THE BLOG
07/11/2010 03:29 pm ET Updated May 25, 2011

The GAO Transcripts, Part 12: Can't We All Just Coordinate?

This is the twelfth installment of the Government Accountability Office interview transcripts that were prepared pursuant to the July 2005 GAO report "Rebuilding Iraq: Actions Needed To Improve Use of Private Security Providers."

This interview with a U.S. military officer who served in Iraq indicates that in his experience interactions with private security contractors was both good and bad. Generally, it was mostly good but the bad could be royal pains in the butt. The officer notes that most private security contractors act professionally. Some, however, were not, and by some, I mean more than a "few bad apples" as trade associations like to say.

An example of the latter is this:

This being said, there are still an enormous amount of contract act security that roam the Green Zone with seemingly limited adult supervision. This group creates an image of a pseudo mercenary army in the green zone. Soldiers have little regard for them bordering on contempt for their lack of standards and discipline.

Another example is this:

Standards of conduct that apply to all contractors that clearly define lines of communication and authority. Specifically, we continually had problems with contractors carrying loaded weapons on secure military compounds and in our dining facilities. If the contractor is actively engaged as a body guard for a VIP, this is no problem. Other than that they should not carry loaded weapons on US compounds. We strictly enforced this standard and escorted many contractors off our installation that refused to comply.

Of course, this was years ago, when U.S. forces had been in Iraq just over two years. Still, that is a long time by military standards. And yet there were still significant issues that were bedeviling the military contractor relationship, such as non-interoperable communications or unresolved command and control relationships.

As there were no procedures in place as to when military commanders should help contractors if they got into trouble decisions were made on an ad hoc basis.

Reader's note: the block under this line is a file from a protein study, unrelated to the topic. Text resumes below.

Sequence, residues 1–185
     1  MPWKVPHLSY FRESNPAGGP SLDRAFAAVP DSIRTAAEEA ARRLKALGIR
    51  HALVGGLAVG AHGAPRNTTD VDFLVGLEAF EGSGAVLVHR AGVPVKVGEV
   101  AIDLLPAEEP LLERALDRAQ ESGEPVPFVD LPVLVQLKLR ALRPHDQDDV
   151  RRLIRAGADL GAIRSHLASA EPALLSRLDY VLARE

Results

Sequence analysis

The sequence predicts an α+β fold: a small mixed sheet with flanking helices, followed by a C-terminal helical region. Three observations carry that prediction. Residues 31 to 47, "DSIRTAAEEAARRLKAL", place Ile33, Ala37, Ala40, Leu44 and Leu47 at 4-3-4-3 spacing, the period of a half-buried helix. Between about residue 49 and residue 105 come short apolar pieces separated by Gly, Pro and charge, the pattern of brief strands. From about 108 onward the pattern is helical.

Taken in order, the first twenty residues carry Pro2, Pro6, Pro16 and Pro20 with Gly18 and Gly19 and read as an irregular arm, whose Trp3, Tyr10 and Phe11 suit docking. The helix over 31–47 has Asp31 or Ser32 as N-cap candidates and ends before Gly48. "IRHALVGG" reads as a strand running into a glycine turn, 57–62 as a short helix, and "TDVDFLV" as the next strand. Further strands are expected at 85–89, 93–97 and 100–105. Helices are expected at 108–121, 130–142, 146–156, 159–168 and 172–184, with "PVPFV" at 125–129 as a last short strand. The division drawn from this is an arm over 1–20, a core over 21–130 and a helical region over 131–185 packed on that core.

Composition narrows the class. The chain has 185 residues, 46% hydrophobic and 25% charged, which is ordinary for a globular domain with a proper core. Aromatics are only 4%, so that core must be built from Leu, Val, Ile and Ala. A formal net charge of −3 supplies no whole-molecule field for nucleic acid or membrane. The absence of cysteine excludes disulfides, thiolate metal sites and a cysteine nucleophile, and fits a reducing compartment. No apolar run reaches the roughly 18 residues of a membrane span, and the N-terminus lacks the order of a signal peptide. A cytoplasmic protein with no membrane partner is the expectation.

Things are doubtlessly improved now but it does not reflect well on either the military or contractors that it took so long for things to get worked out.

Standard disclaimer: I have put in ( _____ ) to reflect those words of phrases which have been blacked out in the transcript. I have also put in the underlining as it appeared in the original transcript. As in the transcript, I have left out letters from various words, even when it seems obvious what the word is.

Prepared by Carole Coffey Index:
Date Prepared: April 27, 2005 DOC Number: 130798
Reviewed bye Steve Sternlieb DOC Library: Goal 1
Job Code: 350544

Record of Interview
Title Interview with representatives
Purpose Obtain info on pre-deployment training
Contact Method phone
Contact Place N/A
Contact Date April 26, 2005
Participants
Carole Coffey, GAO 202-512-5876
______________________________
_______________
_______________
_______________

Comments/Remarks:

I contacted _______________ determine if the Iraq pre-deployment training included a segment on private security contractors in Iraq. I contacted the _______________ because we had been told that they were going to be rotating back to Iraq. _______________ made the following comments

I. The division has not been notified as to whether or not it will be returning to Iraq. While the division still has some folks in Iraq, those that deployed for the Jan 30 election return in the late March time frame and are on block leave. The Division headquarters deployed to Iraq in mid-2003 and return to _______________ in the fall of 2004. Prior to leaving in 2003 they received no guidance or training regarding PSCs.

2. The division always has a brigade ready to deploy with hours. According to the Major, there this brigade has not received any training on working with PSCs or the PCO or ROC.

3. According to _______________, who served as a battle captain for one of the division's brigades, his unit did not know that there were PSCs in the battle space until the PSCs began to contact them for assistance He described the coordination between the PSCs and his unit as non-existent.

4. The Captain thought that coordination should work through MNF-I as it did for the Iraqi Survey Group. The Command would issue a frago and the unit would provide assistance for the survey group as directed by in the frago.

5. _______________ that it would be helpful to have more information about who was in the batttlespace and the Captain said that the PSCs needed to let the military know when they would be in their area and give the units as much notice as possible.

6. The division has talked about the complex battlefield in terms of NGOs and coalition forces but they have not discussed PSCs, specifically.

Page 1 Record of Interview

Questions Regarding Private Security Contractors

Command and Control f Private Security Contractors

Our current understanding is that the military services directly contract for security of military facilities, that some DOD contractors may contract for security for their personnel, and that civilian government agencies and their prime contractors contract for security in Iraq and possibly elsewhere. While it is our understanding that _______________ not contract for security of military facilities in Iraq, we also understand that the MOM may have come in contact with private security contractors frequently while in Iraq. That is the context for the following questions.